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Analysis

The Return of the Native Allusions & Cultural References

When authors refer to other great works, people, and events, it’s usually not accidental. Put on your super-sleuth hat and figure out why.

References to Literature, Art, and Music

  • "Divine Florentine" a.k.a. Dante Alighieri (1.3.6)
  • Albrecht Drürer (German painter) (1.3.9)
  • "Queen Eleanor's Confession" (English ballad) (1.3.11-12, 1.3.112)
  • "Lydia," folk tune of Psalm 133 (1.5.87)
  • Cimmerians, from Homer's Odyssey (1.6.3)
  • Sappho, Greek poet (1.6.11)
  • "War March of the Priests" the finale of Felix Mendelssohn's cantata "Athalie" (1.7.6)
  • Lotus eaters, from Homer's Odyssey (1.7.6)
  • Alcinous, king of the Phaecians in Homer's Odyssey (1.7.11)
  • "a populous solitude," reference to Lord Byron's Childe Harold's Pilgrimage (1.7.12)
  • Scylla, monster that guarded a passage in the Odyssey (1.8.6)
  • Charybdis, dangerous whirlpool in the Odyssey (1.8.6)
  • Mephistopheles, the devil that Faust made a bargain with (1.9.1)
  • James Thompson's "The Castle of Indolence," 1748 (2.1.29)
  • Scheherazade, from The Arabian Nights (2.3.17)
  • Saint George, play put on by the Egdon mummers (2.4.11)
  • Perugino, teacher of artist Raphael (2.4.39)
  • Rembrandt, Dutch artist (2.6.3)
  • Venus appearing before Aeneas in Virgil's Aeneid (2.6.39)
  • Ithuriel, angel in Milton's Paradise Lost (2.7.56)
  • "My Mind to Me a Kingdom Is," line of poem by Sir Edward Dyer (3.1 chapter title)
  • Pheidias, Athenian sculptor (3.1.1)
  • Aeschylus, Greek dramatist (3.1.2)
  • John Gay, dramatist and author (3.1.7)
  • John Keats, Romantic poet (3.1.7)
  • "in striving at high thinking [...]" reference to sonnet by William Wordsworth (3.2.2)
  • Benjamin West, American painter (3.2.6)
  • Samuel Rogers, poet (3.2.6)
  • Thomas Blacklock, blind poet (3.3.111)
  • Anthonius Sallaert, Flemish painter (3.3.112)
  • Danys van Alsloot, Flemish painter (3.3.112)
  • Petrarch, Italian poet famous for his love for Laura (3.4.78)
  • Samuel Johnson, "The History of Raselas" (4.2.55)
  • "birthplace of Shakespeare," Stratford-upon-Avon, England (4.5.17)
  • Aeneas and his father, from Virgil's Aeneid (4.6.33)
  • "Beware the fury of a patient man," line from John Dryden's poem "Absalom and Achitophel" (5.1.63)
  • Oedipus, Greek mythology and Sophocles's play Oedipus Rex (5.2.118)
  • Jack and the Beanstalk (6.1.30)

Biblical References

Historical References

  • The Doomsday Book, 1086 census ordered by William the Conqueror (1.1.9)
  • John Leland (Henry VIII's antiquarian, or historian) (1.1.9)
  • Roman Roads, Via Iceniana, Ikenild Street (1.1.12)
  • The Gunpowder Plot (1.3.7)
  • Amerigo Vespucci (1.4.14)
  • "the year four," reference to war with Napoleon in 1804 (1.3.56)
  • "Fifth-of-Novembers," reference to Guy Fawkes Night (1.3.132)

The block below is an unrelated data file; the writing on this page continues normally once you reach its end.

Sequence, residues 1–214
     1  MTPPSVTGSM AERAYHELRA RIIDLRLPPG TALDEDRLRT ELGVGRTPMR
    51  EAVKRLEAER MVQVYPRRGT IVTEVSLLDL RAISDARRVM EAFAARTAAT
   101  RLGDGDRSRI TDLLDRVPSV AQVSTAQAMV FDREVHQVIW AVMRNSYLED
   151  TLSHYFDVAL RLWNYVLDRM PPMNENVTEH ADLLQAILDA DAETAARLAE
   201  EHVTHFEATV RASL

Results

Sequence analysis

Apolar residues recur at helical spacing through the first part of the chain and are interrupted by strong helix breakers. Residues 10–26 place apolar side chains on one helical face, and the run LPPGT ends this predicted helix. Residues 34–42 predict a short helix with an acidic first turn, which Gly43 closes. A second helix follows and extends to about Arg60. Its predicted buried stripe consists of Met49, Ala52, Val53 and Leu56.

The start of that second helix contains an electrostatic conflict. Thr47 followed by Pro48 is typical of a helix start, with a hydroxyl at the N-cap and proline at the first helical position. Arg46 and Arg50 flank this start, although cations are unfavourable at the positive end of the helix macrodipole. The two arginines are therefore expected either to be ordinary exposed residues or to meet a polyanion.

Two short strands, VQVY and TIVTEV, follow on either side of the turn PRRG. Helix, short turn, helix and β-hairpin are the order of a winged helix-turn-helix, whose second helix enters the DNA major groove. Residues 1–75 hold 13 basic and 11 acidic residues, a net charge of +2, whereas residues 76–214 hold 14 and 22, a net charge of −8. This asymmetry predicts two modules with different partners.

• Farinelli, famous Italian castrato singer (1.5.89)
  • Richard Brinsley Butler Sheridan, Irish playwright and member of Parliament (1.5.89)
  • "when a woman deliberates," reference to Cato (4.1), a play by Joseph Addison (1.5.122)
  • Julius Caesar (1.6.3 and throughout)
  • Michaelmas, the feast of St. Michael (September 29) (1.6.6)
  • Sarah Kemble Siddons, famous English actress (1.6.11)
  • Belshazzar, last king of Babylon (1.6.21)
  • Albertus Magnus, German natural philosopher (1.6.44)
  • Johann Paul Richter, a.k.a. Jean Paul, German humorist (1.7.8)
  • William the Conqueror, Thomas Wentworth, First Earl of Strafford, Napoleon (1.7.17)
  • Delphi oracles (1.7.22)
  • Heloise, medieval figure (1.7.22)
  • Cleopatra (1.7.22)
  • Sir John Franklin, polar explorer (1.10.3)
  • Frederick the Great of Prussia, Archduchess Maria Theresa of Austria, Napoleon, and Queen Louisa of Prussia (1.10.4)
  • King Candaules's wife in Herodotus's The Histories (1.10.41)
  • "king's head cut off years ago," reference to the beheading of Louis XVI of France (2.1.7)
  • John Kitto, biblical scholar (2.3.5)
  • Nebuchadnezzar, king of Babylon (2.3.17)
  • "Swaflham tinker," reference to old English legend of John Chapman, who dreamt he'd go to London and become rich (2.3.17)
  • Madame Tussaud's, waxwork museum in London (2.4.2)
  • Napoleon (2.6.11 and throughout)
  • Death of Thomas Lyttleton (2.6.38)
  • Lavinia Fenton, actress famous for role of Polly Peachum in John Gay's The Beggar's Open (2.6.51)
  • Elizabeth Farren, actress who played role of Lydia Languish in Richard Sheridan's The Rivals (2.6.51)
  • Baltazar Gracian y Morales, Spanish philosopher (3.1.6)
  • Battle of Waterloo (3.1.6)
  • Robert Clive, governor of British India (3.1.7)
  • Philip of Macedon and his son, Alexander the Great (3.2.4)
  • Lord Frederick North, British prime minister during part of the American Revolution (3.2.6)
  • Plato and Socrates (3.2.23)
  • Nicholas Sanderson, blind mathematician (3.3.111)
  • Jean-Jacques Rousseau, famous philosopher (3.6.65)
  • Pitt Diamond, acquired by Thomas Pitt in India (3.7.26)
  • Sir Thomas Rumbold, governor of Madras, India (3.7.83)
  • Famous duel in 1547 between Gui Chabot and La Chateigneraie (4.4.7)
  • Colonel Charles Lynch (4.4.23)
  • Chateau of Hougomont, HQ of Wellington during the Battle of Waterloo (4.5.17)
  • Mary Stuart, Mary Queen of Scots (4.5.17)
  • Friedrich Hoffman, Richard Meade, and Felice Fontana, nineteenth-century physicians (3.8.03)
  • Sennacherib, king of Assyria (5.7.17)

Mythology References

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